Although there are none in the United States, movements in New Jersey, Colorado, and California are picking up speed.

There is a lot of controversy surrounding these programs. Critics believe that supervised injection locations enable drug abuse and make it easier to maintain active addiction. They believe that people who use drugs may push dosage limits even higher because medical staff are on site.

#5 Moderation Management

The majority of people who drink alcohol do not battle alcoholism, but many struggle with problem drinking. Most of the treatment options and support groups, including 12-step programs, address alcohol addiction and the need for complete abstinence. The nonprofit Moderation Management, or MM takes a different approach.

Moderation management strategies address risky drinking patterns and seek to improve overall quality of life by reducing negative behaviors and the harm associated with problem drinking. It does not require 100% sobriety. It allows drinking in moderation. The group’s harm reduction strategies teach members to:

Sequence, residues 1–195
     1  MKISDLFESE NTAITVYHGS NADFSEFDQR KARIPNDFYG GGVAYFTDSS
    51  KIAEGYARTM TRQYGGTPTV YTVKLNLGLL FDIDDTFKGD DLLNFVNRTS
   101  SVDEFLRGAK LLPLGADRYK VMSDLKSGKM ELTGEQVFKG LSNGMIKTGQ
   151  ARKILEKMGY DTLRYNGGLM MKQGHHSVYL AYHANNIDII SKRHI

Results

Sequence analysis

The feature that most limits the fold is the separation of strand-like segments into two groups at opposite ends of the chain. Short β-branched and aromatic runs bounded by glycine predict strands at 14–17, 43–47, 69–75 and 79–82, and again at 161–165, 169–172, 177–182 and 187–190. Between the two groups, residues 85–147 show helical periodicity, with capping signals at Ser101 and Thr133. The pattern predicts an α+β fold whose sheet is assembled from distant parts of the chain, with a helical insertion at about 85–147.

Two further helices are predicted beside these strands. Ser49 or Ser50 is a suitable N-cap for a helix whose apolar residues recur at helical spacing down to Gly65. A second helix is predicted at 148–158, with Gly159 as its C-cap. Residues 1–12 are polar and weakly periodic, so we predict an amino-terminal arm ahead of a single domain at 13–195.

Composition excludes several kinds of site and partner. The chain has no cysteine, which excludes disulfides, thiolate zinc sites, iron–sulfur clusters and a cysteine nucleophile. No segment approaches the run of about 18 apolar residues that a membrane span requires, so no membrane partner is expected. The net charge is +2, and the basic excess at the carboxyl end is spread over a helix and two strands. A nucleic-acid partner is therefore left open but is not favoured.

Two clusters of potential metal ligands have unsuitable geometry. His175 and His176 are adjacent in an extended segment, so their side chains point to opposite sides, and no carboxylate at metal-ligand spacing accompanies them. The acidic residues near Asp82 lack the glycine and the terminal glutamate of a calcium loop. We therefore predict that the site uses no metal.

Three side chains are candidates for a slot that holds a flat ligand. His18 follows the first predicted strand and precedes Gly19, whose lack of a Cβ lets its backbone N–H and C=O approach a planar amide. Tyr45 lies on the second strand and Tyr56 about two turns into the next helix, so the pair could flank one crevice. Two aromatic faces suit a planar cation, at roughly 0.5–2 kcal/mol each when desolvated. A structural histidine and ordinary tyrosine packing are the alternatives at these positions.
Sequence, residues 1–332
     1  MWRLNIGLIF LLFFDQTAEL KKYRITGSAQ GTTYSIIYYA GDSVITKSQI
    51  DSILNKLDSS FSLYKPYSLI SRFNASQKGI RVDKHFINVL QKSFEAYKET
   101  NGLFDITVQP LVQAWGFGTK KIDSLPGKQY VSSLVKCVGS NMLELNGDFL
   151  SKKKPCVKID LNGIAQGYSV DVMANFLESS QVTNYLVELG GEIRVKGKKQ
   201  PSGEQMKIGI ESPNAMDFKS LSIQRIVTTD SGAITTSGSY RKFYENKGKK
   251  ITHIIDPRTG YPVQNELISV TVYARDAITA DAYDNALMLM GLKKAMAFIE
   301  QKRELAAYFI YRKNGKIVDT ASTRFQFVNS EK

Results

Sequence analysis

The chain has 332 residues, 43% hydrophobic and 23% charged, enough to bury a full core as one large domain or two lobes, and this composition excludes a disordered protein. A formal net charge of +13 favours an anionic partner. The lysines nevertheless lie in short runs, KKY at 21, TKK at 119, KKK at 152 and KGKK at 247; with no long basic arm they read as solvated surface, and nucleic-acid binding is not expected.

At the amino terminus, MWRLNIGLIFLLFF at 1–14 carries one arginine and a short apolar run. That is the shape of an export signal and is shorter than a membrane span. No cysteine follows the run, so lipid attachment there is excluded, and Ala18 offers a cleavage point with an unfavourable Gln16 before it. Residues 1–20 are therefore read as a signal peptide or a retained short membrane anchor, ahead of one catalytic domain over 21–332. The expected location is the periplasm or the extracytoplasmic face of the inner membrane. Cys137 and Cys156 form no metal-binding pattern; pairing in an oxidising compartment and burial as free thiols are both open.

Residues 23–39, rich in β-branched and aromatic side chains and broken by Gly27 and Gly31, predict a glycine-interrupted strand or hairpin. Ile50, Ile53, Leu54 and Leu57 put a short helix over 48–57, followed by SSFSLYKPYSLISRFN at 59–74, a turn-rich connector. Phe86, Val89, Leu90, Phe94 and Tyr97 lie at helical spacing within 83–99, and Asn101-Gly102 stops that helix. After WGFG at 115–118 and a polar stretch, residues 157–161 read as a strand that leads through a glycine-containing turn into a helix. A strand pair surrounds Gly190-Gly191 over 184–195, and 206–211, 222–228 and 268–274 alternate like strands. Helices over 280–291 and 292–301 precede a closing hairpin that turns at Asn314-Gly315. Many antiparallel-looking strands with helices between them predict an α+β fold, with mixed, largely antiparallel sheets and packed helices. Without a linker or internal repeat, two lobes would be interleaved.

• Cope with triggers.
  • Set attainable goals and limits.
  • Manage drinking to keep it from getting out of hand.

Moderation management programs let members decide how they want to cut back on drinking. According to MM, about a third of the people who go through their behavioral management program decide to proceed to a program that is abstinence-based after taking this initial step to control their drinking.

MM does not work for many people. Notably, the group’s founder Ashley Kishline relapsed, stating that drinking in moderation did not work for her.

Supervised Injection Sites: Pros and Cons

Harm reduction services exist along a spectrum. Isolated services, such as needle-exchange programs, are available in most U.S. cities. It’s the supervised consumption sites, existing in their own facilities, that are not available domestically. At these sites, trained staff answer questions about safe injection practices, monitor for overdoses, and provide first aid if needed. They can also make referrals to addiction treatment programs.

This concept is controversial because many people view people with substance use disorders as “drug addicts” deserving of their fate. If you look at it that way, overdoses, lost jobs, deadly diseases, and homelessness are natural byproducts of substance use. To some, treating addicted people as worthwhile people with a disease would seem like an endorsement of drug use.